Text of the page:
The other day I found my dog chewing on something in my reloading room. I made him spit it out. I was a little horrified when it turned out to be an unfired Winchester small pistol primer that I use for reloading 9mm ammunition.
Just think what would have happened if it would have gone off in his mouth. Images of him yelping and blood drooling from his mouth flashed in my mind. Fortunately, that didn’t happen and he was all right. I picked it up and threw it away in the trash.
I was very surprised that he got hold of a primer because I am quite careful about picking primers up when I drop one. I guess I missed that one. I reload 9mm ammunition in a spare bedroom that I redesigned solely for reloading. All supplies and loose parts are neatly organized on shelves in the closet. My reloading press in on a reloading bench. Nothing is ever left on the floor.
Are Primers Dangerous To Dogs?
After thinking about it for several moments I began to wonder if after all that primer went though was is still good and will still fire. You read about how primers can be finicky and you are not even supposed to touch them lest you get body oils on them causing them not to fire. I retrieved it from the trash and made a functional round with it.
Later that week I went to the shooting range and fired my “dog chewed” reloaded primer in my Glock 19. It fired fine. No problem. I guess primers are tougher than advertised.
What would happen if a small pistol primer went off in my dog’s mouth?
I guess nobody knows for sure but the range master at the shooting range that I go to didn’t think that it would have been as terrible as I imagined. I have fired a primer only reload in my gun and was not very impressed with the “pop” sound that it made. It was less than I had imagined.
What are the odds that a small pistol primer would go off in my dog’s mouth when he chewed on it and bit down on it?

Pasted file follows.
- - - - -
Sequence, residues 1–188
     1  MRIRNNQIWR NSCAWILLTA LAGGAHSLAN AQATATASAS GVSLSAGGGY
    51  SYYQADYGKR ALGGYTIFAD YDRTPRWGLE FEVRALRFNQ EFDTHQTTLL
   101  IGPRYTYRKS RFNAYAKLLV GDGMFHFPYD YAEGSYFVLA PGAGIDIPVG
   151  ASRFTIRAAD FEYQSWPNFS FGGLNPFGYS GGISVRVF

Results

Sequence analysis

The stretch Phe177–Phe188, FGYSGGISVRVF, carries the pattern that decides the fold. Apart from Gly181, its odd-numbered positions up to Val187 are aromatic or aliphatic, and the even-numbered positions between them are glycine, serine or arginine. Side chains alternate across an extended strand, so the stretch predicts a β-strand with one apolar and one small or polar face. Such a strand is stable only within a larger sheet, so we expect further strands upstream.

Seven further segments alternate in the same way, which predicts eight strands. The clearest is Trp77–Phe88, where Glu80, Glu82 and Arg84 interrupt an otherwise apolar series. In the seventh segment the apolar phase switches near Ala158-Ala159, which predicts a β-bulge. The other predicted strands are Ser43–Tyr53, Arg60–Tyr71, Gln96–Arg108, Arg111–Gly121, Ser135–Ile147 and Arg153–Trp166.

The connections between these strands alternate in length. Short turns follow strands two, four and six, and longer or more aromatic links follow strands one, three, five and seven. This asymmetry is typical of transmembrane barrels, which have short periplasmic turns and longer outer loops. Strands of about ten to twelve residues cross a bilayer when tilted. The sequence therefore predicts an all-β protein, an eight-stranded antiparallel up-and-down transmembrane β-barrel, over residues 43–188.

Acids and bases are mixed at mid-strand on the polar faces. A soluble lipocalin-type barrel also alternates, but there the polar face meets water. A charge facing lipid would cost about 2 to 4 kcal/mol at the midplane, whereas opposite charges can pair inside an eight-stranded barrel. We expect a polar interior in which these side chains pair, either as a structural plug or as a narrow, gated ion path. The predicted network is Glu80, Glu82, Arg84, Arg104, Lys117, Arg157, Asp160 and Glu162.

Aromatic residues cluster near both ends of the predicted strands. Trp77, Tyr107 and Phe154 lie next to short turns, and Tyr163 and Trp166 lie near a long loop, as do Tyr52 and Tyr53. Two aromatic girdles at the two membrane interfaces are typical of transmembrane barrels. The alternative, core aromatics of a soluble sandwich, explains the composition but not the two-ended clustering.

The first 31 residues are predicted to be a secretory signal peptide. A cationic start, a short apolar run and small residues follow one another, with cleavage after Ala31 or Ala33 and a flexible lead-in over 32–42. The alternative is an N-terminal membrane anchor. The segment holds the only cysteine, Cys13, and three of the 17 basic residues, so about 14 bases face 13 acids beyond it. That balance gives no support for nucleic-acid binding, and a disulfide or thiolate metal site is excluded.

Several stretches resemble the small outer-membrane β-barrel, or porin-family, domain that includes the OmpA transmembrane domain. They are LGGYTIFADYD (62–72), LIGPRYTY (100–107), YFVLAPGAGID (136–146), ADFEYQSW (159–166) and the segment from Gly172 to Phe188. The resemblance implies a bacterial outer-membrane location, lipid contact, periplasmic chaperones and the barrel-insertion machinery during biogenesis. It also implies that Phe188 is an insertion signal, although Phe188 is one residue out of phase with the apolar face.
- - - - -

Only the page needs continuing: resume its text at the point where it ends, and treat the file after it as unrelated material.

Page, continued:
When you think about it small pistol primers are pretty hard to make “go off”. I have mangled quite a few in my reloading press and nothing happened. Some of the primers were crunched up pretty badly and yet no boom. I even did a “primer crunch test”. Nothing happened.
What causes a small pistol primer to fire?
The primer consists of a tiny amount of explosive compound as well as two metal parts. Primers can come in various sizes depending on the firearm. As an example, the cup of a small pistol primer is typically around 0.125 inch (0.32 cm) in diameter and height, and composed of brass or soft copper.
Inside, you will find a small amount lead styphnate (the impact-sensitive explosive), and pressed into the opening is the anvil. When hit by the firing pin, the middle of the cup collapses, forcing an explosive between the anvil and its inner surface. The explosive ignites and produces a flame that exits the flash hole, setting the propellant alight to fire the cartridge.
The Bottom Line
Even though nothing came of this situation, I will still be vigilant about cleaning up after myself so that my dog doesn’t chew up or swallow anything he shouldn’t. The thing about firearm safety is that you never know when something might happen.
I would not be able to live with myself if something were to happen to a good boy like my dog. Accidents happen all the time to people who are sure that they know everything. Even if a human isn’t getting hurt, an animal getting hurt is no better. And even if a dog can’t cause the primer to fire, I don’t like the idea of my boy using it as a chew toy either.